But rebellious followers managed to break away and initiate a lawsuit in 1933 to recover lost funds. The subsequent trial was breathlessly reported on by world media. “Cult holds members as slaves on B.C. island,” read one 1933 headline. Interest only intensified when court proceedings included accusations by Aquarians that Brother XII had attempted to murder his enemies with “black magic.”
The court action was successful, but before a settlement could be paid out, Brother XII angrily smashed the commune’s furniture, equipment and boats. When cult members arrived to survey the destruction, Brother XII had already fled the area by yacht; its hold stocked with Aquarius Foundation gold.
Brother XII died in Switzerland in 1934. Although Oliphant, for one, believes the death certificate was faked.
Amazingly, cult members left behind still expressed their devotion to the prophet. “If the Brother would only come back and be his old self again, we would all join right in,” one longtime follower, Mary Connally, was reported as saying in a 2006 history of Nanaimo.
The cult has cast a spooky pall on the region ever since, and is a favourite subject for Halloween lantern tours.
“(We’ve) encountered people that say ‘oh, you don’t talk about that,’” David Hill-Turner, curator for the Nanaimo Museum, told the Nanaimo News Bulletin in 2012.
Accounts of forgotten buried treasure were reportedly played up by Frank Ney, a local real estate developer and the eccentric longtime mayor of Nanaimo. (Ney, who died in 1992, is now immortalized along the Nanaimo waterfront in a bronze statue depicting him in a pirate costume).
The De Courcy Island property continued life as a farm. But in the 1960s, a secret vault was indeed discovered on the De Courcy Island property. Instead of a gold bounty, however, it merely contained a cryptic note, “for fools and traitors – nothing!”
“He was right in choosing the place he chose if the shit was to hit the fan globally,” said Nanaimo blues musician David Gogo, who grew up in the area and owns a 3-metre fir dining table found in a former Aquarian Foundation building. Its size and grandeur has led him to believe that it was likely in the personal use of Brother XII.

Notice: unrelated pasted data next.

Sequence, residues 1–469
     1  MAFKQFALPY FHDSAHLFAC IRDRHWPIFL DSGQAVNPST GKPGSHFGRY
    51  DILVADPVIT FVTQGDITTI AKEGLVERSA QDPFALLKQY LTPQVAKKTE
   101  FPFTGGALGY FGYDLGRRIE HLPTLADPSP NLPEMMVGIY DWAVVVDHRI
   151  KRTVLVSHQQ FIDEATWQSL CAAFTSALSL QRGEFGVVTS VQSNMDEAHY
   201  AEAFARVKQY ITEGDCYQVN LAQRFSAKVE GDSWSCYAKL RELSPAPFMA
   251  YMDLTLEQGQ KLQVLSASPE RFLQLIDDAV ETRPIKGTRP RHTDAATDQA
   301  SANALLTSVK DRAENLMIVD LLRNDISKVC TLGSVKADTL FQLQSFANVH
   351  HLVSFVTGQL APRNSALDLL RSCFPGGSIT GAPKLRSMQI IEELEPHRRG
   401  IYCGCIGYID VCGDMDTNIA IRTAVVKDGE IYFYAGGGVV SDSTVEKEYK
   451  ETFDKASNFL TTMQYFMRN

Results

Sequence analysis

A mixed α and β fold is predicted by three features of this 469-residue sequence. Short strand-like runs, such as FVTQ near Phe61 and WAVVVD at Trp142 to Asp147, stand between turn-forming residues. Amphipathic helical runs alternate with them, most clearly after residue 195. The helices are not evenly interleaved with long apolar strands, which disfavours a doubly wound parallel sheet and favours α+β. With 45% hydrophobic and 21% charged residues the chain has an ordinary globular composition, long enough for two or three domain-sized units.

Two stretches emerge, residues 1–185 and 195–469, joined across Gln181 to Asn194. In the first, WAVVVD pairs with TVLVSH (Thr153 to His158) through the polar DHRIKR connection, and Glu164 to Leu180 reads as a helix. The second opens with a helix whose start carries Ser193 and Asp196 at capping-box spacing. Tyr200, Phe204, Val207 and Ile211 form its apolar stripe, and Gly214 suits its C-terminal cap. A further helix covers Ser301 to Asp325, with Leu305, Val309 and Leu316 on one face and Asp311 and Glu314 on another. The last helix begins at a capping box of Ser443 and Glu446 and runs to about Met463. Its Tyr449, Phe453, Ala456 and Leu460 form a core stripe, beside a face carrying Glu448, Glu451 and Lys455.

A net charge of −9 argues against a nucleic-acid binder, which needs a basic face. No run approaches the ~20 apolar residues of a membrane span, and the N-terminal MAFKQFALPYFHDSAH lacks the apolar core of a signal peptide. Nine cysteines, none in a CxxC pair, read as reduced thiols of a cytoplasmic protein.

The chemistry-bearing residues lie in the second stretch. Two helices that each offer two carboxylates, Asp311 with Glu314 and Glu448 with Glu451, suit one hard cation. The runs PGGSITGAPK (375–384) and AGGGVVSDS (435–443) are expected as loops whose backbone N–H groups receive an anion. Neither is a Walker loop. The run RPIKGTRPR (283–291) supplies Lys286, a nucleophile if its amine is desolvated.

Gogo described one eerie episode with the table. After a night of describing its origins to his future wife, he woke up the next morning to find that a slow leak has completely filled a bowl-shaped light fixture above the table, and completely covered the table’s surface with water — but none could be found on the floor.
“It really creeped me out,” he said.
The former lands of the Aquarian Foundation are indeed large and bountiful enough to become self-sufficient. They are away from major centres and — at least on De Courcy Island — they have the freezing waters of the Georgia Strait as a protective moat.
Said Gogo, “I think he just got greedy.”
The De Courcy Island farm is indeed one of several utopian religious communities that sprang up in coastal B.C. around the same era.
Sointula, near the northern tip of Vancouver Island, was founded by utopian Finnish socialists in 1901. Parts of Bella Coola were settled by Norwegian Lutherans fleeing a rift from their home community in Minnesota. Metlakatla, east of Haida Gwaii, was a utopian Christian community built by the Tsimshian followers of a rogue Anglican minister.
Colliers realtor Mark Lester specializes in unusual properties like the Aquarian Foundation farm. Based in Vancouver, Lester often travels to remote showings on his own boat and throughout his career has even sold several complete Gulf Islands.
Among the smattering of islands in the Salish Sea can be found former leper colonies, bootlegging lairs, luxury retreats for billionaires, secretive wartime bases, stopovers for early Spanish explorers and the grown-over sites of legendary battles between Coast Salish and Haida invaders.
“Some, you can tell the story publicly,” said Lester. “And sometimes owners like to maintain their privacy.”